TARIANA . . . What I’m saying is already we have a whole range of services that are contracted out, they’re extremely prescribed, and over the years we’ve seen a huge waste of public money on these services, because none of those things have in fact empowered families to take that responsibility for themselves, to not remain in that mode of thinking that people need to do things for them.  We want to change that and that came out strongly in our conference yesterday that our people want that.

GUYON What is the magnitude of this, because I looked at a consultation document which has been released on the Ministry of Social Development website, about the Whanauora policy and it talks about a Whanauora fund being set up.  Now in the past you’d talked about possibly a billion dollars going into that.  Are we looking at that sort of magnitude?

TARIANA Well to be frank with you there’s probably a billion dollars already being wasted now, so a billion dollars that’s put into Whanauora that going to transform families’ lives so that they’re not so dependent on the state to do for them, but more importantly that their families become sites of safety.  That’s a critical part of Whanauora.

Like Stephen Franks, who was a guest on the panelwhich discussed this interview, I’m not sure how spending a billion dollars from the state helps people become independent from it.

But I agree that too much is spent now on measures which increase dependence rather than assisting people to become independent.


Reasons not to vote Green

October 4, 2009

Guyon Espiner’s interview with Metiria Turei on Q&A  provided the following reasons not to vote Green:

1. The public transport mantra:

By investing in public transport for example, we not only build a comprehensive public transport system for all communities across the country, but we help to mitigate the impact of the importation of oil into this country. . .

Public transport isn’t necessarily the answers in cities and its definitely not the answer in small towns and rural areas.

2. The opposition to free trade:

Well our position is that you need to have systems of fair trade, that make sure that New Zealand can retain its economic sovereignty, and free trade deals tend to undermine the economic sovereignty.

The only fair trade is free trade.

Oh no, we are not extremists like some others might be, where free trade is the only option for New Zealand which tends to be the kind of ACT National kind of extreme.  We prefer a model that deals with these issues in a sensible rational way, making sure that New Zealand retains the highest level of economic sovereignty, to make the best decisions for its own people while being engaged with the global trade movement, which is very important, particularly when you’re dealing with under developed countries for example who need support.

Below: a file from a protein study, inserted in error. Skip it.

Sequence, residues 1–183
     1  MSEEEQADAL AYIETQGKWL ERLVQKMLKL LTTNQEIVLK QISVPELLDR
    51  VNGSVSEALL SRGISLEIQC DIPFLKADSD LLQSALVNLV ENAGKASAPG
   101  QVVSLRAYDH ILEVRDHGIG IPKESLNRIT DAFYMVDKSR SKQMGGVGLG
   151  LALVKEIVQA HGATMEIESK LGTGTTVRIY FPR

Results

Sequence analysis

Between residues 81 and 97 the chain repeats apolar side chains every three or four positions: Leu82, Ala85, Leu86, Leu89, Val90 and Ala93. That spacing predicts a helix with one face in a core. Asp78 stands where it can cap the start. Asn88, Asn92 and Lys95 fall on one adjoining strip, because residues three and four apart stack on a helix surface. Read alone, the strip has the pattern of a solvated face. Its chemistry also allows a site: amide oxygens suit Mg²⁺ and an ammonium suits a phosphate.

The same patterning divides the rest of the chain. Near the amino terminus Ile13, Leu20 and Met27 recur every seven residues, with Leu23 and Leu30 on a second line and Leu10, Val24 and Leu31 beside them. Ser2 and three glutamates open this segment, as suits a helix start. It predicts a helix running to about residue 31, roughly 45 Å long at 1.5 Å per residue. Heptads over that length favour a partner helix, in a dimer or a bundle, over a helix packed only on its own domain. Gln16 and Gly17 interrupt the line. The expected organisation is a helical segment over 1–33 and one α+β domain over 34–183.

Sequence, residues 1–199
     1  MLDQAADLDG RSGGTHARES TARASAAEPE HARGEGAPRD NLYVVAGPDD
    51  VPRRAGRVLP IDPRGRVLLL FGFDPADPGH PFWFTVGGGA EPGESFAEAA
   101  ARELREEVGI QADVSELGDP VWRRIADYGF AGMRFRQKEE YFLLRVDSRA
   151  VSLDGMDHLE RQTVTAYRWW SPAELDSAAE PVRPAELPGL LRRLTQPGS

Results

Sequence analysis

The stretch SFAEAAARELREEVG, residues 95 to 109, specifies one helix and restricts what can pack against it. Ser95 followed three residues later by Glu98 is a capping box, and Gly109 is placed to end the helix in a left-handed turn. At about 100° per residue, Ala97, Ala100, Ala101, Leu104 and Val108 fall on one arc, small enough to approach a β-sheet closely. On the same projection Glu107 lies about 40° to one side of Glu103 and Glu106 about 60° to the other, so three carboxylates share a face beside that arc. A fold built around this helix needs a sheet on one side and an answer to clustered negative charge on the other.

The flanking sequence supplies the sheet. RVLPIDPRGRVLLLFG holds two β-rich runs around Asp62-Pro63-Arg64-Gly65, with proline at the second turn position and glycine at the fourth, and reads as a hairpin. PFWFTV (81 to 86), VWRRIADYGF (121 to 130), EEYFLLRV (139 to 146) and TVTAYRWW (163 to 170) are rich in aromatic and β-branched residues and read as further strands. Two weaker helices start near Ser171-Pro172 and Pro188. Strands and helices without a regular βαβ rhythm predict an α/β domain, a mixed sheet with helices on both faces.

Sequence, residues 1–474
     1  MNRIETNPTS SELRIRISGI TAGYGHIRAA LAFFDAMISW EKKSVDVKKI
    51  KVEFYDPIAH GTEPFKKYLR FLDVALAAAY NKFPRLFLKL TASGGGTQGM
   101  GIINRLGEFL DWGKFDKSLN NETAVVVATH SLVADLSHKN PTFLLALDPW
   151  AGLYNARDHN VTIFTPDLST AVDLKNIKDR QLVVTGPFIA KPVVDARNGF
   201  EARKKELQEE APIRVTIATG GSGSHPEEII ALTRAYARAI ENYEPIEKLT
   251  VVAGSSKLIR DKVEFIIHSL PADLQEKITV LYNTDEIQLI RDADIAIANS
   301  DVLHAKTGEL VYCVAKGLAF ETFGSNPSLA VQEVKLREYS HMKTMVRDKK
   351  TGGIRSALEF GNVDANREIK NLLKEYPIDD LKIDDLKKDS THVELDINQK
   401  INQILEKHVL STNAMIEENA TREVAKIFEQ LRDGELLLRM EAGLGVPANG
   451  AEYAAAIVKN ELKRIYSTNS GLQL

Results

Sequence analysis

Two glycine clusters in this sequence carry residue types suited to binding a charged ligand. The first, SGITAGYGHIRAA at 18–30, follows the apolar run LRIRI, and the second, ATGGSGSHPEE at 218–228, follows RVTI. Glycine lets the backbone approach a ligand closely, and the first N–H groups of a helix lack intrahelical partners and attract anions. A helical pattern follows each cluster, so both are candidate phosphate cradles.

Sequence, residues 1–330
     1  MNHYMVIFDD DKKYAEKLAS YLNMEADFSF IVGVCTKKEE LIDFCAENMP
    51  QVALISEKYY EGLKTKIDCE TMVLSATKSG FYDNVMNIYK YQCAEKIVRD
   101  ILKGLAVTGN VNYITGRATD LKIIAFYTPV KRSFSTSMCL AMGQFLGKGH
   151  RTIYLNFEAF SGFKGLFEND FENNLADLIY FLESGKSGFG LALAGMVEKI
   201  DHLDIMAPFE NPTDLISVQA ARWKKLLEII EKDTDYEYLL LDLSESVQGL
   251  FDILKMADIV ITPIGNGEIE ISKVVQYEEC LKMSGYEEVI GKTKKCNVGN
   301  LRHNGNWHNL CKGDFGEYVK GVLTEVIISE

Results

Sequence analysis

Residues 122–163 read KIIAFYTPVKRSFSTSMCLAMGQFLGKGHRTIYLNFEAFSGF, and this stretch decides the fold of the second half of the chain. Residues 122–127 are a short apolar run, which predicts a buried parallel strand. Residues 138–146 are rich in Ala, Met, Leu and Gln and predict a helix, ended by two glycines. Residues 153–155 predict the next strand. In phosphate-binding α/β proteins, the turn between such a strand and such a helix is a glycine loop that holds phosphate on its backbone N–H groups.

The only sustainable support for developing countries is trade.

3. They won’t accept that a stock take of mineral resources on public land is sensible and that the economic and social benefits from mining land with low conservation values could be done without degrading the environment.

Now we don’t want the government, we’re very fearful that the government will rip out our national parks just to find coal and petrol, so we would like to make sure that the national parks and marine reserves and wetlands for example are kept free form threats of mining.

This view  is based on blind ignorance. No-one is suggesting ripping out national parks.

4. They overcharged on a flat rented by their MPs but owned by their super fund:

Earlier this year we did – those went out of whack, between February and March of 2009 one of the houses, MPs were claiming over the market value, we fixed that valuation in June to make sure they’re only being asked to pay under market value, and last week we refunded that over claim.  So we made a mistake and we fixed it.

They repaid the excess claimed – about $6000. But no mention was made of the fact they get more by renting from their super scheme than if they owned the flats themselves.

Kiwiblog has calculated that over the eight years they have owned the property they would have only been able to claim rent of $116,000 instead of $192,000.

5. Hypocrisy.

GUYON  . . . you have been telling other MPs and other political parties that you’re the moral compass of parliament, yet you’ve been ripping the taxpayer off.

The panel responding to this interview was political commentator Dr. Therese Arseneau, former National MP Paul East and former Labour president Mike Williams.


Presbyterian approach of Billonomics wins approval

June 17, 2009

In the July issue of North & South Guyon Espiner takes a look at the two top men in the government, those on the way up and those who may be at risk.

On Finance Minsiter Bill English he says:

. . . it’s a good bet the cautious approach will prove the right one and that highly indebted and far-flung New Zealand was poorly palced to spend its way out of poverty. To have unemployment well below rates in the US, Britain and Australia without indulging in their huge spending programmes is evidence at thsi stage Billonomics is working.

English is Catholic but his apporach to the economy has been Presbyterian: getting on to of debt and getting in control of spending without repating the slash-and-burn tactics we was in the early and late 1990s. . .

Without the luxury of surpluses to play with a Presbyterian approach is driven at least as much by necessity as philosophy but it seems to be working.

We may not be out of the woods yet but at least we’ve got a map and directions to help us on the way without saddling our children and grandchilren with debt which will put a rein on economic growth when the world recovery eventually rebounds.